“Failure is simply the opportunity to begin again, this time more intelligently.” — Henry Ford
By Quinton Taylor
Ford was on a roll in the mid-1930s, despite the Depression years. His cars were selling well and his new ‘flattie’ V8 was setting the standards for performance, reliability, and smoothness. It was a motor that would give birth to the California hot rod scene and establish hot-up tuning names such as Navarro, Edelbrock, Offenhauser, and Ardun. Bonnie and Clyde even wrote to Henry Ford to tell him how good his Ford V8 engine was …
We get to see many restored classics in the course of featuring cars for New Zealand Classic Car but seldom will one to turn up in such stunningly original condition as this 1941 Ford Super Deluxe Coupe.
Wanaka collectors Jim and Daphne Ledgerwood’s interest in American cars and pickups goes back many years and they have put together an amazing collection, all in top condition.
A founding member of Dunedin’s Hurricane Rodders, Jim has owned many Fords and the occasional Jaguar. These days his focus is on cars with originality and, where possible, with little restoration, preferably none at all.
“As you get older, your taste in vehicles and what you see in them tends to change a little,” Jim explains.
He still has a soft spot for something hot rodded and done well, but the current collection shows those changes with some great cars and pickups. In the meantime, we are focusing on the jewel of the collection. It is simply an amazing car and an absolute time capsule in every sense!
ELWIN’S SUNDAY CAR
Not only is this Ford original condition, but it also has a well-documented history, complete with its Ford, Orange County, dealer invitation to view and its 1941 sales brochure. All documentation is as fresh as the day it was printed thanks to the car’s fastidious first owners, a couple who kept a complete and very precise record of everything done to the car.
Ford introduced a new range of cars in 1941. Production of the ’41 model was wound down through 1942 as the US geared up for war and it would be 1946 before production started again. This is an early 1941 model, as evidenced by the lack of a chrome windscreen surround.
Elwin Soalfelt and his wife purchased the new black Ford in 1941. Ford offered just two trim levels for the coupe, Deluxe and Super Deluxe. They chose the latter. It was their Sunday car, being used only on that day. It was never driven to Elwin’s work or used for any other purpose, and it was absolutely never taken out in the rain. An employee of the Lockheed Aircraft Company in Burbank, California, Elwin had an eye for detail and craftsmanship, evidenced by the neat under-dash panel he fitted to the Ford with switches for the fog, map, backup lights, and accessories. Motorola was the electronics industry leader of the day, so fittingly the Ford was fitted with its Golden Voice radio in place of the Ford factory option, as Elwin preferred its tone. The car was also fitted with other options such as a bumper-bar splash guard, boot light, spare-wheel lock, and exhaust extension.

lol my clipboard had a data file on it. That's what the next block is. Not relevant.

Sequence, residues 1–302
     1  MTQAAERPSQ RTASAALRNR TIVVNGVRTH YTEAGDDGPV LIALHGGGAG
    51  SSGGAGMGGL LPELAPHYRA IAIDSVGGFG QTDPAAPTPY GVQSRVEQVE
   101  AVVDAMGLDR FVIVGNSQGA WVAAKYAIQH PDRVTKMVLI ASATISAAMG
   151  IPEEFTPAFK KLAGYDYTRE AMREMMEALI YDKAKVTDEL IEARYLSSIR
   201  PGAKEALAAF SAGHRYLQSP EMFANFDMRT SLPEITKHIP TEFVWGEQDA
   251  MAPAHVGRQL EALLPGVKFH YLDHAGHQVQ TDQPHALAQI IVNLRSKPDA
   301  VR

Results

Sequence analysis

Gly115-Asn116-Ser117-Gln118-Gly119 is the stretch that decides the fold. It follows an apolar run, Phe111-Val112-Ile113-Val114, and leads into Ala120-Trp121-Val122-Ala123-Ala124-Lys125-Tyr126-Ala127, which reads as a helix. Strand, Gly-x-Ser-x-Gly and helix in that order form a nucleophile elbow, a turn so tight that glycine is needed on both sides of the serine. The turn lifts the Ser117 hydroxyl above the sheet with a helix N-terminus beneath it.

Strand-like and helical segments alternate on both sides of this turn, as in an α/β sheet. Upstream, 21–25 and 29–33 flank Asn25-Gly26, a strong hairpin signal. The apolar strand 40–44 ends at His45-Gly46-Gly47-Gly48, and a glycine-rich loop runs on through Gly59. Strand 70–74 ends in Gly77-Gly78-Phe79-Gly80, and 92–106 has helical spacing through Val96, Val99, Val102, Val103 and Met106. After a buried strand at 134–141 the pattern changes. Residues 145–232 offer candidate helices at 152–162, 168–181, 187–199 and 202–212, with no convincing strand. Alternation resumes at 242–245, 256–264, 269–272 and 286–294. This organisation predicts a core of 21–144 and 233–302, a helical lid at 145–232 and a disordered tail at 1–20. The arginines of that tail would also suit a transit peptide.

Each summer, the Soalfelts travelled in ‘Black Beauty’ to Elwin’s parents’ farm in Geyser, Montana — a distance of 1251 miles (2013km) that took nearly 20 hours of travelling time. Elwin would leave his precious car stored in a nearby town, refusing to drive it on the gravel roads surrounding his parents’ farm, and someone would come out from the farm to pick them up.
Following the death of his parents, Elwin inherited the farm in 1958 and he and his wife made the move to Montana to take over the property. Once again, their precious Ford was loaded up, fitted with a set of new tyres. It was then transported out from Geyser by truck, and stored in the barn under a temporary tent made from old bed sheets. The car would occasionally be driven around the farm roads to keep everything running but in the next 20 years it would accumulate only some 200 miles. By 1981, Black Beauty had covered the grand total of 50,027 miles according to Elwin’s detailed log, which even contains the date of every time the car was washed and polished.
CHASING BLACK BEAUTY
Marshall Lewis of Modesto, California, would become the car’s next owner. His son-in-law’s father knew the Soalfelts. A past-president of the Model A Ford Club of America, he owned a collection of Fords and asked that he be given a chance to buy the car if it was ever offered for sale. When Elwin died, Marshall contacted his widow and expressed his interest. Six months later she made contact and offered the Ford at a strictly ‘take it or leave it’ price. Mrs Soalfelt phoned Marshall back a couple of days later to apologize as she had discovered a small chip in the windscreen and asked if he still wanted the car!